Secondly. The ministry is the property of the whole Church; and as such, in our peculiar economy, liable to removals from North to South, and from the South to the North, as may, in the wisdom of the Church, be judged best for the general good. And in this feature of Methodist polity, the Church, in view of the “ weakness of the flesh,” or present disordered state, in order the more effectually to carry out the great purposes of her mission, has adopted the great Christian law of expediency, as best suited to the providential circumstances of our existence; a principle that cannot so readily apply to the laity in their permanent locations.
In addition to the above, they, from their vocation as ministers, may rationally be supposed to be more conversant with the Scriptures, and therefore in the possession of more light on this subject, than belongs to the people generally; and hence, on the great law that "it is required according to what a man hath," discriminatingly responsible for a more elevated position. We therefore conclude, the objection is not well founded.
But it may be further urged, that this reasoning is too loose, on so grave a subject; that truth is truth, and duty is duty, arising from that truth; and that if truth is eternal, and slavery a violation of that truth, how can the standard of Christian duty, consistently with truth, be let down to the loose principles above stated ? We reply, that while we admit, on the one hand, that truth is eternal, we claim, on the other hand, that it is also an eternal truth that the Divine administration cannot be carried on, on this or any other question of human responsibility, on any other principle than the one above laid down, that "it is required according to what a man hath, and not according to what he hath not." Now for the providential government of God to determine the bounds of our habitation, in connexion with this evil, and our whole education from infancy to manhood, such as to make the impression, if not of its rightfulness, at least of its comparative innocence; and if, in connexion with this, the revelation of God contains many tolerant allusions to it, which the most intelligent ultra-abolitionist never has and never can explain away, as not bearing on the relation; and, added to this, that the question is so mixed up in the teaching of the Scriptures with the other relative duties of society, thạt (to our knowledge, unless this should be so regarded) no man has as yet attempted to trace it in its connexion with the Divine administration, so as to dissipate the mists and darkness that hang around it, and show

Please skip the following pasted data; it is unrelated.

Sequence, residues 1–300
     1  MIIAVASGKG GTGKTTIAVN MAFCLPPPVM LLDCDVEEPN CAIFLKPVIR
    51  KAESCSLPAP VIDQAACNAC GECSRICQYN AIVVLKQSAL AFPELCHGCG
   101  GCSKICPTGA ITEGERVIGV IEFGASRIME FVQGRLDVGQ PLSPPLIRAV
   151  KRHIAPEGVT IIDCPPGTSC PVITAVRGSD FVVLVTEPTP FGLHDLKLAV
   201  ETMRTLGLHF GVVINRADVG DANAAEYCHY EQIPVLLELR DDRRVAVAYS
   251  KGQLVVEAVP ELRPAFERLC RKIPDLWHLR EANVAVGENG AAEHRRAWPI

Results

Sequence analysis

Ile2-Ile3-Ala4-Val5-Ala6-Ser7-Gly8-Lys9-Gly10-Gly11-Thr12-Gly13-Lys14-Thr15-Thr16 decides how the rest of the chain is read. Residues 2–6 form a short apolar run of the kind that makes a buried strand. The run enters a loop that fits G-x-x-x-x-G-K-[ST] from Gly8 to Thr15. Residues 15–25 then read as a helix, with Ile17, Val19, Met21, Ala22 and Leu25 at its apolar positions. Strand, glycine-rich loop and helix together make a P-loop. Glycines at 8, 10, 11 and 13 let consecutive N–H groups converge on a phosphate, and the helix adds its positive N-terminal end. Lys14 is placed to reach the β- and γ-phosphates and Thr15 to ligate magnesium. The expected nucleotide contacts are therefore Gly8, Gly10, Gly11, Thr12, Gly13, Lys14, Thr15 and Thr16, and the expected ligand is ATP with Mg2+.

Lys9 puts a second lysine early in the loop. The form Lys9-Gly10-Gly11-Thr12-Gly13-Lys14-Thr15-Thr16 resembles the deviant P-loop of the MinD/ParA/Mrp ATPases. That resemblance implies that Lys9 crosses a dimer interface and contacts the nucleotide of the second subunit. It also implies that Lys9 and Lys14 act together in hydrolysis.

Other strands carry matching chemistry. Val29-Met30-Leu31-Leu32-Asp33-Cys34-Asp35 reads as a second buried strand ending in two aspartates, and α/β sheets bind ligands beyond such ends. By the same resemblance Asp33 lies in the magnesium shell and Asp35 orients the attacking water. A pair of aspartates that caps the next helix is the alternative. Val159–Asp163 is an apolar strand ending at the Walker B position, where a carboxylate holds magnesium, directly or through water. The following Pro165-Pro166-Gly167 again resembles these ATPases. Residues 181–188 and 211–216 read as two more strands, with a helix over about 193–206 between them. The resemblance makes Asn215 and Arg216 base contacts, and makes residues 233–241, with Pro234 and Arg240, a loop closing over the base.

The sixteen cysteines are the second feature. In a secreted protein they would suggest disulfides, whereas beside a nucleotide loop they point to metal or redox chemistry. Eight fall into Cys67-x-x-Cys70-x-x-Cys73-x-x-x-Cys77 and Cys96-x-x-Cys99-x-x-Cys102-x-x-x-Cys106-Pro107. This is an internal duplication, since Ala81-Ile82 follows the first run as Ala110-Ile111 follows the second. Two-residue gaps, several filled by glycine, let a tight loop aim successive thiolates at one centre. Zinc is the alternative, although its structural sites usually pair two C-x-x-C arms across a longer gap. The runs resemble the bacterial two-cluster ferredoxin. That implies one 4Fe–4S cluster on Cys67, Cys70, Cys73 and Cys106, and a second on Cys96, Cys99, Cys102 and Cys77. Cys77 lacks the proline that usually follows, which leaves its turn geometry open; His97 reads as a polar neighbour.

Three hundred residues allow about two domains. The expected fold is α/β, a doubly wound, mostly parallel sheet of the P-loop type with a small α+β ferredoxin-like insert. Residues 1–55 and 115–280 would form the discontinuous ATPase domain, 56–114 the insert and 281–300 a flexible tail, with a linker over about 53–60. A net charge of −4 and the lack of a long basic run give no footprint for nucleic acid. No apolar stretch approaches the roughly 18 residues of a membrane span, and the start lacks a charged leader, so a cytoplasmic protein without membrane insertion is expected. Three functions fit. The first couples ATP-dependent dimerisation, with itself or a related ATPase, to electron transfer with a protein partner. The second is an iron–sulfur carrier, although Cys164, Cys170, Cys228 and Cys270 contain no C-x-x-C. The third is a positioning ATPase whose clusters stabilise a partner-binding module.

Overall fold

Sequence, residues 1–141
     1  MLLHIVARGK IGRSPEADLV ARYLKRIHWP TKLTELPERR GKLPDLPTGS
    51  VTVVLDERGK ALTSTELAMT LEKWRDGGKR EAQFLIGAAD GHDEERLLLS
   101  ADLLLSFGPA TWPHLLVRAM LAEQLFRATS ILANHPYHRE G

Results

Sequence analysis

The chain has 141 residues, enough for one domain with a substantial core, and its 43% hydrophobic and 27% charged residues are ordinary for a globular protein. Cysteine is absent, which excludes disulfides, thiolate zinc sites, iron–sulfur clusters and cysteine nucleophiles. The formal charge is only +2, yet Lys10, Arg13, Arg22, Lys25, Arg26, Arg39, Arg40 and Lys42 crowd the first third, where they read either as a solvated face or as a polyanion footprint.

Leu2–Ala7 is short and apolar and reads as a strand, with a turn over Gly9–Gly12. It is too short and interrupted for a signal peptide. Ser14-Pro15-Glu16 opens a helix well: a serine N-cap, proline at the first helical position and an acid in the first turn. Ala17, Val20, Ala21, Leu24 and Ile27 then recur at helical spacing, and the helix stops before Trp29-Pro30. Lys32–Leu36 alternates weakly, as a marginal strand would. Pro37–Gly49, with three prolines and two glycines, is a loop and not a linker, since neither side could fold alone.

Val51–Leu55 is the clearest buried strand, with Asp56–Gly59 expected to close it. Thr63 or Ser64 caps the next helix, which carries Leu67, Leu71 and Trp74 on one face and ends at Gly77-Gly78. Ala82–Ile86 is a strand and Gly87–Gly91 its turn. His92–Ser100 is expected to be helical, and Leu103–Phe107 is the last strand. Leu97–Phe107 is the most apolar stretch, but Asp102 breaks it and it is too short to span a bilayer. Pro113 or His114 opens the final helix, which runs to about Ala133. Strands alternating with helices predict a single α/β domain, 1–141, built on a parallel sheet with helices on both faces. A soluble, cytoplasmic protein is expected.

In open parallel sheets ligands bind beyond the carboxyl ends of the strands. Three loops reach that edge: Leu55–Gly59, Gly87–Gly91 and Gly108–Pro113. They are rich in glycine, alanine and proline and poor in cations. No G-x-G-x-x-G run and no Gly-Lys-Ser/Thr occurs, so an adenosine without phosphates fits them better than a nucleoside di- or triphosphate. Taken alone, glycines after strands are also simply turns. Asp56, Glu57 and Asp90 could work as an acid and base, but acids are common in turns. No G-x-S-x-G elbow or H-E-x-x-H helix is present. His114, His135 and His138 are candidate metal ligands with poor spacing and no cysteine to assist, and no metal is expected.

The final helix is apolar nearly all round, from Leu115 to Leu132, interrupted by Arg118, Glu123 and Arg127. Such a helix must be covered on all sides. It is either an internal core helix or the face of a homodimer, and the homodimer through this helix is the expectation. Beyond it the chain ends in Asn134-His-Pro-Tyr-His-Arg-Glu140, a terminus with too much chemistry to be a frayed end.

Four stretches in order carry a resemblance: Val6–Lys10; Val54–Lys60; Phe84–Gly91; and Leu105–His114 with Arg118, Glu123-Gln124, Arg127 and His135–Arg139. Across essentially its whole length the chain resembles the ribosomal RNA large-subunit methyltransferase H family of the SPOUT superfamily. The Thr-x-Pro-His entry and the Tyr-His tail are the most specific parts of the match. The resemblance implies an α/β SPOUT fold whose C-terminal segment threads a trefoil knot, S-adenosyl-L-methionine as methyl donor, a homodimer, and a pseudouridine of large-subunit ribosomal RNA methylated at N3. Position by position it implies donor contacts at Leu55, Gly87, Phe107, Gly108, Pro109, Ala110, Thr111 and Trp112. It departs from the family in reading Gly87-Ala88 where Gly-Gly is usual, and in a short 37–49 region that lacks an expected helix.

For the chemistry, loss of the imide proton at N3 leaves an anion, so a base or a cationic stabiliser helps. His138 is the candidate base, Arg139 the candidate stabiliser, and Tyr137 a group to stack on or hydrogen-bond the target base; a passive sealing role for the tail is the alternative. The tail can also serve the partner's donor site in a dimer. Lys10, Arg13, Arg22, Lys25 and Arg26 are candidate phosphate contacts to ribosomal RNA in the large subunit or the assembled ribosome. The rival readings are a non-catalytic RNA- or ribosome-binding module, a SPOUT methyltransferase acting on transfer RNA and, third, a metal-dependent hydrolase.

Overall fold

up clearly its true position ;-we repeat, till this be done, and the question be made so clear and outstanding, as to be no longer one of “doubtful disputation," but unequivocally involving a principle of conscience, we cannot, on the great law above stated, be condemned in an- administration of perfect rectitude. And if the principle holds good in the government of God, what sufficient reason have we for departing from it on the subject of this relation ?
True Wesleyanism and kindred movements may, if they choose, return to the dark ages of popery, and revive the claim of Divine right to make void this principle of the law of God through their traditions, and thus set up that essentially tyrannical, proscriptive, and wicked principle, that denies the right of private judgment. But we humbly trust that the intelligence of the community is such as not to be gulled by these false appearances, however plausibly presented.
That the principle involved amounts to the grave charge we have brought against them, is clear from the following considerations :
First. Our Maker has formed us with mental and moral powers, to seek and know the truth. And, ,
Secondly, Has given us a revelation containing the rules of moral duty suited to our capacities, and the circumstances of our existence, and has called upon us to “search the Scriptures,” that we may know and do our duty.
Thirdly. Now if, in searching those Scriptures, after the best reasonings we can bestow upon the subject, aided by the best lights within our reach, we honestly arrive at the conclusion, that the simple relation which was found in existence at the time they